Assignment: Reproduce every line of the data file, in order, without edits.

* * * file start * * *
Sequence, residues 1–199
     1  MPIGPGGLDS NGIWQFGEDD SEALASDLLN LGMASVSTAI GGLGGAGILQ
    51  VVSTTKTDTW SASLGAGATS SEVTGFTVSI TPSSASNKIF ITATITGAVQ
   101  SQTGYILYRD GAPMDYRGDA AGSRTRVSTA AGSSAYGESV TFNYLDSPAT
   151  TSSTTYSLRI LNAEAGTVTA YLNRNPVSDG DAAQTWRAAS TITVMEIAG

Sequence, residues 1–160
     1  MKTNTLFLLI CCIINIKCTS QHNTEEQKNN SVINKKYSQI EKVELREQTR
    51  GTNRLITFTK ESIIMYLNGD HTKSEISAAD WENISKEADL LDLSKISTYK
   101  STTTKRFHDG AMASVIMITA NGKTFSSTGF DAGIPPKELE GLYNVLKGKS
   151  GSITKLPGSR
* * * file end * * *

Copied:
Sequence, residues 1–199
     1  MPIGPGGLDS NGIWQFGEDD SEALASDLLN LGMASVSTAI GGLGGAGILQ
    51  VVSTTKTDTW SASLGAGATS SEVTGFTVSI TPSSASNKIF ITATITGAVQ
   101  SQTGYILYRD GAPMDYRGDA AGSRTRVSTA AGSSAYGESV TFNYLDSPAT
   151  TSSTTYSLRI LNAEAGTVTA YLNRNPVSDG DAAQTWRAAS TITVMEIAG

Sequence, residues 1–160
     1  MKTNTLFLLI CCIINIKCTS QHNTEEQKNN SVINKKYSQI EKVELREQTR
    51  GTNRLITFTK ESIIMYLNGD HTKSEISAAD WENISKEADL LDLSKISTYK
   101  STTTKRFHDG AMASVIMITA NGKTFSSTGF DAGIPPKELE GLYNVLKGKS
   151  GSITKLPGSR